© 2023 Texas Public Radio
Real. Reliable. Texas Public Radio.
Play Live Radio
Next Up:
Available On Air Stations

'Two Suicides Too Many': Bexar County Sheriff's Office To Add Prevention Deputies

Carson Frame / TPR News
Bexar County Sheriff Javier Salazar introduces the Detention Mental Evaluation Team

So far in 2017, two people have committed suicide while incarcerated at the Bexar County Adult Detention Center. Bexar County Sheriff Javier Salazar announced Monday that a team of four deputies will help patrol the jail and screen at-risk inmates.  

The Detention Mental Evaluation Team will have the ability to move about freely in Bexar County Jail, relying on specialized mental health training to identify suicide warning signs. 

Salazar said suicide prevention protocols at detention centers around the country rely too much on information gathered during the initial booking process. 

"They'll ask them a series of questions and they'll use that to gauge whether a person is apt to commit suicide," Salazar said. "To me, that's a bit like taking your temperature today to tell me if you're going to get the flu in six months."

Inmates do not always display suicide warning signs at intake, Salazar said. Prevention requires a more direct, hands-on approach, which he believes DMET will provide.

"Many times it takes aggressively going into the jail population and actively seeking out people; that's what these folks will allow us to do," he said. "Really get into the population and pull people out more proactively than we've done in the past."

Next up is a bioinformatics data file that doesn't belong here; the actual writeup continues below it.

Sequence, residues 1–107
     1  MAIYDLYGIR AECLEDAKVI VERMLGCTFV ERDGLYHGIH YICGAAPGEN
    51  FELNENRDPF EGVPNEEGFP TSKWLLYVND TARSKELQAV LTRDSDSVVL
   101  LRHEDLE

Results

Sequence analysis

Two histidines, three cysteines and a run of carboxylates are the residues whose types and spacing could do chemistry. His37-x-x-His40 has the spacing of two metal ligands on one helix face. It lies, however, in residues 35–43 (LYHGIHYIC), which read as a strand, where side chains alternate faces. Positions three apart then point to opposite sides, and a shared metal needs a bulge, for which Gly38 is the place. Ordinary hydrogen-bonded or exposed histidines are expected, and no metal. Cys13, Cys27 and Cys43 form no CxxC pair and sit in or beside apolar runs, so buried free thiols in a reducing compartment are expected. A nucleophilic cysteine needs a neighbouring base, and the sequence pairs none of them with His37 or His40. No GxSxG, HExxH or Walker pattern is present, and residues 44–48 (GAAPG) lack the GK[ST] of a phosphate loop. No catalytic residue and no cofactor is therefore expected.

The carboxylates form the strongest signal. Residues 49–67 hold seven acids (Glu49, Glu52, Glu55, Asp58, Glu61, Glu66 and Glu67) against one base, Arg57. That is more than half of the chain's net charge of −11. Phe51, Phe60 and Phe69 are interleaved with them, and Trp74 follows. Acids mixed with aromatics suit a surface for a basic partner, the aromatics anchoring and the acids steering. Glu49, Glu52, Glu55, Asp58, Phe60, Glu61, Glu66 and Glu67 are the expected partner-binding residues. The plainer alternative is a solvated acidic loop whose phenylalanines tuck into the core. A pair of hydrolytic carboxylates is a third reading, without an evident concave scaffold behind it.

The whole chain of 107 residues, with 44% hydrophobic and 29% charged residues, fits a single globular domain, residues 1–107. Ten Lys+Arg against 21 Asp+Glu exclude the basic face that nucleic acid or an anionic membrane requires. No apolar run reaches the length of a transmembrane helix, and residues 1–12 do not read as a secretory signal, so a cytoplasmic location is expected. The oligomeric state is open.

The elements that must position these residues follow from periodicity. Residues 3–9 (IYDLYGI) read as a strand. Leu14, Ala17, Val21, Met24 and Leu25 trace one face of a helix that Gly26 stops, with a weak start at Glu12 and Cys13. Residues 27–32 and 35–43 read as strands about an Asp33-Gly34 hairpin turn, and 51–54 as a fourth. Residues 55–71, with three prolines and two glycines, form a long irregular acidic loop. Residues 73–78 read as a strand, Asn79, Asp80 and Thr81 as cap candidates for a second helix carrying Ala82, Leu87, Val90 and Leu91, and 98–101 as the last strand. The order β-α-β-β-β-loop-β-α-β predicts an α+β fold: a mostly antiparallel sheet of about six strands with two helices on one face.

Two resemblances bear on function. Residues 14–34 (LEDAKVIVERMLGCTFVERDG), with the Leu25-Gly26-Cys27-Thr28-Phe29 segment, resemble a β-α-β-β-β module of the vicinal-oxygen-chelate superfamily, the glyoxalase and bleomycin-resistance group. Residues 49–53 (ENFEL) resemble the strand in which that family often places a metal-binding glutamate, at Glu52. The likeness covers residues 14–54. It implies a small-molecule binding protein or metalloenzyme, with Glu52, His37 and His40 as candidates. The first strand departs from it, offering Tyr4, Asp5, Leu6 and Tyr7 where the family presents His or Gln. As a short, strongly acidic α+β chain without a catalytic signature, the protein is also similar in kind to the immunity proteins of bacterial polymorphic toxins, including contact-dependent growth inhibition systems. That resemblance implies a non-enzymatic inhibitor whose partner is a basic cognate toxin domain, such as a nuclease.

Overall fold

Manuel Medellin is one of the deputies in the newly-formed DMET unit. He said he's worked for the sheriff's office for 18 years. 

"Working with mentals and people with different backgrounds, it makes you see things a little differently," he said. "You have to have empathy for them."

DMET has received training from partner organizations like University Hospital, the San Antonio Police Department mental health unit, and the Bexar County mental health unit. Medellin believes that that training is evident in how he talks to inmates. 

"We use our training. We try to establish a rapport so that we can bring out some of the problems that they're having, or get them to be more comfortable talking," he said.

When an inmate exhibits problems beyond what DMET can handle, that inmate is referred out for treatment. 

"We do what we can," Medellin said. "If it gets to the point where you can no longer establish a good rapport, you have to reach out to other resources like mental health counselors or University Hospital."

Carson Frame can be reached carson@tpr.org and on Twitter at @carson_frame